Life In An Antique House

Life In An Antique House

Johnny Williams
Sep 17, 2010

Old homes tell stories. Even if the walls can't talk, the creaking floorboards and clattering pipes get the point across. Our house was built in 1802 — over the years, it's collected a fair share of funny fables.

The stories begin as soon as you enter through the "Indian door." This traditional feature was constructed with two layers of wide oak planks, cross-hatched for added protection from enemy arrows. Though we should probably call it the "Native American door," a politically correct rewording wouldn't quite capture the paranoia of the time. "Our poor neighbor Nathaniel was in his kitchen eating a johnnycake," the conversation may have gone, "when an Indian arrow pierced their single panel door and landed in his buttock! If only they had doubled-up those panels!"

The perpetual fear of arrow attacks must have led the occupants of our house to drink because next to the original hearth is a small built-in storage area colloquially called the "Parson's cupboard." Rumor has it, when a member of the clergy popped in for a quick chat (or exorcism), the sneaky owners would hide their booze in this concealed cupboard. Once the Parson departed, it quickly devolved into a scene from MTV's Spring Break. (Well, not quite. Instead of watching Eric Nies dance on a speaker shirtless, the family huddled by the fire, discussing a nearby typhus epidemic.)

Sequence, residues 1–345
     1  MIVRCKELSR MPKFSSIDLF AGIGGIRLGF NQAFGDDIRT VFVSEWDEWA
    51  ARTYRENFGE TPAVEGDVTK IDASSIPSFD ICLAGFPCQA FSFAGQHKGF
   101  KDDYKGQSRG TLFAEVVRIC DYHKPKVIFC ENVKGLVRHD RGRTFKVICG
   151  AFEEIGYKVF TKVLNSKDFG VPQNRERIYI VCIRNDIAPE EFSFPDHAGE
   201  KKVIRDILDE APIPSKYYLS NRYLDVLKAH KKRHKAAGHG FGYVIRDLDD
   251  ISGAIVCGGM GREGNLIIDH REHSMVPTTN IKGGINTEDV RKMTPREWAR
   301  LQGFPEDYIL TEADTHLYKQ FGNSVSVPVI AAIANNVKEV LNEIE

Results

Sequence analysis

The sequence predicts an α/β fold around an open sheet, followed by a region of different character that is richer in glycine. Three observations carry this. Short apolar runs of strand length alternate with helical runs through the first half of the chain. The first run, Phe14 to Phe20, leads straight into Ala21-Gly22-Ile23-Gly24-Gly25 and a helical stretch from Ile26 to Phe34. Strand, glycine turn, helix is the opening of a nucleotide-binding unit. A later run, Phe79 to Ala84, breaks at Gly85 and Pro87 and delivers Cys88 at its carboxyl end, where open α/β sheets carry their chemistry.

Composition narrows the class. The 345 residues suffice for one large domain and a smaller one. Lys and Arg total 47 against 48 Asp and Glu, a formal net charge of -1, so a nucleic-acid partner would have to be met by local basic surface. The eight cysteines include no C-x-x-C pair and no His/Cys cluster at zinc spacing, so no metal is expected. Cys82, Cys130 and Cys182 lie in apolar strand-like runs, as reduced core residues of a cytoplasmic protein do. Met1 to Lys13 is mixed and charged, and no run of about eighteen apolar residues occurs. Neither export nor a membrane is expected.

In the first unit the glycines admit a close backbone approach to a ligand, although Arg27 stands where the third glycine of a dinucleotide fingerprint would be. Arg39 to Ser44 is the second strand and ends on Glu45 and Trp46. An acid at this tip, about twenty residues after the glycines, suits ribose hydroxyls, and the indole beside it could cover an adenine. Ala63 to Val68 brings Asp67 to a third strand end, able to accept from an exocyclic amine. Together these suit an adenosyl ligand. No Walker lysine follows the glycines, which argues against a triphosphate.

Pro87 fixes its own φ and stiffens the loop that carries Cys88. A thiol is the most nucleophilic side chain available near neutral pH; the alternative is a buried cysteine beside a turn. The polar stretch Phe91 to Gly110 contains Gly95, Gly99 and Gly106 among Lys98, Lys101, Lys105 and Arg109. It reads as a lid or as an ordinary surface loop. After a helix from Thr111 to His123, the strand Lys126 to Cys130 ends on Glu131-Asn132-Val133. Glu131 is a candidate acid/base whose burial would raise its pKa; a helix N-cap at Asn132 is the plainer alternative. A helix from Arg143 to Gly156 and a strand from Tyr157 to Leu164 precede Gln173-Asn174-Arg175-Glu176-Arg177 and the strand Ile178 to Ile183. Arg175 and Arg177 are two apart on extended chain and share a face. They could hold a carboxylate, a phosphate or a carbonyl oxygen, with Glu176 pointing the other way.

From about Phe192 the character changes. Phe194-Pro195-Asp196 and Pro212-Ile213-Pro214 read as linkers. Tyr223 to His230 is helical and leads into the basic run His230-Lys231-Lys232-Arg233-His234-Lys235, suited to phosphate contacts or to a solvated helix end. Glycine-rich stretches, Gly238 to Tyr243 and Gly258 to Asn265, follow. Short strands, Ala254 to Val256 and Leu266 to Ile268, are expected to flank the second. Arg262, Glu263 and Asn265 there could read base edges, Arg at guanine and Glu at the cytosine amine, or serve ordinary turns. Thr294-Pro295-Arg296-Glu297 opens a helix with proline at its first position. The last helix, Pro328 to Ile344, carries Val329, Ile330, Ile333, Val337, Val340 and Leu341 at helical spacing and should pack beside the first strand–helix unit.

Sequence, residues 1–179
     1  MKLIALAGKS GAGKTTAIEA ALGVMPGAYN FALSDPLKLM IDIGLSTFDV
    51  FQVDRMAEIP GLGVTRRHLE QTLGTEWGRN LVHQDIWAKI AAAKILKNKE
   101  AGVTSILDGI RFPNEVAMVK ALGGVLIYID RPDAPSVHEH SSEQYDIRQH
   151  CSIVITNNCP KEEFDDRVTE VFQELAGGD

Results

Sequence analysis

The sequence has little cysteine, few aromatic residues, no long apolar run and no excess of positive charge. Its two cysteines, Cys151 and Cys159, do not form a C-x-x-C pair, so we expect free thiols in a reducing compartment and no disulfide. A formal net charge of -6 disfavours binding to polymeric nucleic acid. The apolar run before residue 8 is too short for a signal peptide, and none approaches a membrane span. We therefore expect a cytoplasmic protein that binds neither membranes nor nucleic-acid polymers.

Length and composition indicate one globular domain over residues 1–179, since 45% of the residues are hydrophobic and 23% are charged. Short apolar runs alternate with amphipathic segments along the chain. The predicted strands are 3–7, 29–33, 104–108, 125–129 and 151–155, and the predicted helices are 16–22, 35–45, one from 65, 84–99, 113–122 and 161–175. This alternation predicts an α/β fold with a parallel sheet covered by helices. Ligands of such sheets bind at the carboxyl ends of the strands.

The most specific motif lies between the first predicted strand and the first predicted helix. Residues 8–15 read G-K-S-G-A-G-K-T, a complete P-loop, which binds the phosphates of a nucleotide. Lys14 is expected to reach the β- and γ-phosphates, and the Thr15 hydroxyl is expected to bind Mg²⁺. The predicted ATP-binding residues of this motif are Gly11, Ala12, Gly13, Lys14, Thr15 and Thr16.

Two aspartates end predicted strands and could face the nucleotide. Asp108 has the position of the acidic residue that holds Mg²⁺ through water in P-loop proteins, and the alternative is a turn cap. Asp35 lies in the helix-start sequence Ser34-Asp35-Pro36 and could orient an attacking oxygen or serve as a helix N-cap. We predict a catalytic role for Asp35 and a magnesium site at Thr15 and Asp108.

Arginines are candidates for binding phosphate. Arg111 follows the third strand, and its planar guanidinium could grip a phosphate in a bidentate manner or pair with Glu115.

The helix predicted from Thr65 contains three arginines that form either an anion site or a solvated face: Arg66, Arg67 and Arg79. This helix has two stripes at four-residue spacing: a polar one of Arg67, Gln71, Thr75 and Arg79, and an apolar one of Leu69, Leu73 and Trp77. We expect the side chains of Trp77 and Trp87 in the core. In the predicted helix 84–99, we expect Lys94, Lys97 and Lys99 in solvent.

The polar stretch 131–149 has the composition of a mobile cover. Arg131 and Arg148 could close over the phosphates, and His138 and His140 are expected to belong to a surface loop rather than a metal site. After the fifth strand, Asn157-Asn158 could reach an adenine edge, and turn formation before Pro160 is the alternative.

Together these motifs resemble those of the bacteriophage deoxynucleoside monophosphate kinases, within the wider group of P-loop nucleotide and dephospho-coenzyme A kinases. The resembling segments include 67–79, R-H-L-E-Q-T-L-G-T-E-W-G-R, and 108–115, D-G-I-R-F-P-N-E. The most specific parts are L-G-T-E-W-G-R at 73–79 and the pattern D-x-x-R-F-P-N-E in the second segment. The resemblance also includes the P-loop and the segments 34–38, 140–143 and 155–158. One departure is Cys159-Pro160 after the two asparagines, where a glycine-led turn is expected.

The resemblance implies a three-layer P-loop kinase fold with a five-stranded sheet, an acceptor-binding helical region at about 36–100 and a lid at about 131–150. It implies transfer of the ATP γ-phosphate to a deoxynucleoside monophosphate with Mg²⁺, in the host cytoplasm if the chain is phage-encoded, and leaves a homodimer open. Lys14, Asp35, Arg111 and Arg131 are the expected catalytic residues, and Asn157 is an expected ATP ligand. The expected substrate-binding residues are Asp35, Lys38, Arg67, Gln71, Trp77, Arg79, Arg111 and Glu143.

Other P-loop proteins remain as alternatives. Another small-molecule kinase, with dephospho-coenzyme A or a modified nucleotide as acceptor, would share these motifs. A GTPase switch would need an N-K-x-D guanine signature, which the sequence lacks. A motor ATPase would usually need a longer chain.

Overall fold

Speaking of sickness, our house has a curiously morbid feature called a "coffin door." Apparently, the bodies of the dead were once prepared and packed inside one's house, so an extra-wide side door was installed in order to move the coffins outside. If you've ever got a coffin stuck in a door frame, trust me, it's no fun. Besides, it's more eco-friendly to be cremated — you'll easily fit through any door, saving the need for additional renovations.

Sadly, most visitors to our house tend to only notice the beautiful red oak floors or the original hand-hewn beams. Don't get me wrong, those are impressive and all, just not as fun to tell as stories.

Images: Johnny Williams

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